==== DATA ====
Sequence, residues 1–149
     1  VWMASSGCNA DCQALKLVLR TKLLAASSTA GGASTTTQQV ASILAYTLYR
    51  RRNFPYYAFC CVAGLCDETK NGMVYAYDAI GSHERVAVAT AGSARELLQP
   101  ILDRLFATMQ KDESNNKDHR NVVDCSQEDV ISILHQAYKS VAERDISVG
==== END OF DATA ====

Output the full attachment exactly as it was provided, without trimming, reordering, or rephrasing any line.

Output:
Sequence, residues 1–149
     1  VWMASSGCNA DCQALKLVLR TKLLAASSTA GGASTTTQQV ASILAYTLYR
    51  RRNFPYYAFC CVAGLCDETK NGMVYAYDAI GSHERVAVAT AGSARELLQP
   101  ILDRLFATMQ KDESNNKDHR NVVDCSQEDV ISILHQAYKS VAERDISVG